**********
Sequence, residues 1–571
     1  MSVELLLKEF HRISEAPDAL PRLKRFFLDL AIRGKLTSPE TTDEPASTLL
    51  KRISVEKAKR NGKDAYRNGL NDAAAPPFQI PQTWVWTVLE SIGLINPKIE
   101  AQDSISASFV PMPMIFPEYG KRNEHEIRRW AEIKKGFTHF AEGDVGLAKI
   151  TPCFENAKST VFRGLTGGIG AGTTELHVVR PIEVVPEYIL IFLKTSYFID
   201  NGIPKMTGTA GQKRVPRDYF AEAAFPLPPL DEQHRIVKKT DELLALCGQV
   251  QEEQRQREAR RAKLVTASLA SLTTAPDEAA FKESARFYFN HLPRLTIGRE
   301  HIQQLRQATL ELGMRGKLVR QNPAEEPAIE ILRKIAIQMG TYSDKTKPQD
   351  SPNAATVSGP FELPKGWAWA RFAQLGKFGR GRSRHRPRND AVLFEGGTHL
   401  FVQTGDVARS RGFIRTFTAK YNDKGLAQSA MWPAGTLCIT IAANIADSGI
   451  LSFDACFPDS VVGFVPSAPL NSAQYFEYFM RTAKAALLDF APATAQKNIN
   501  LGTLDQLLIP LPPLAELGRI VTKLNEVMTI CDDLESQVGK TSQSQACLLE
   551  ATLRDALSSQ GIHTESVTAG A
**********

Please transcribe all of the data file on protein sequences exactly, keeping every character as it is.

Sequence, residues 1–571
     1  MSVELLLKEF HRISEAPDAL PRLKRFFLDL AIRGKLTSPE TTDEPASTLL
    51  KRISVEKAKR NGKDAYRNGL NDAAAPPFQI PQTWVWTVLE SIGLINPKIE
   101  AQDSISASFV PMPMIFPEYG KRNEHEIRRW AEIKKGFTHF AEGDVGLAKI
   151  TPCFENAKST VFRGLTGGIG AGTTELHVVR PIEVVPEYIL IFLKTSYFID
   201  NGIPKMTGTA GQKRVPRDYF AEAAFPLPPL DEQHRIVKKT DELLALCGQV
   251  QEEQRQREAR RAKLVTASLA SLTTAPDEAA FKESARFYFN HLPRLTIGRE
   301  HIQQLRQATL ELGMRGKLVR QNPAEEPAIE ILRKIAIQMG TYSDKTKPQD
   351  SPNAATVSGP FELPKGWAWA RFAQLGKFGR GRSRHRPRND AVLFEGGTHL
   401  FVQTGDVARS RGFIRTFTAK YNDKGLAQSA MWPAGTLCIT IAANIADSGI
   451  LSFDACFPDS VVGFVPSAPL NSAQYFEYFM RTAKAALLDF APATAQKNIN
   501  LGTLDQLLIP LPPLAELGRI VTKLNEVMTI CDDLESQVGK TSQSQACLLE
   551  ATLRDALSSQ GIHTESVTAG A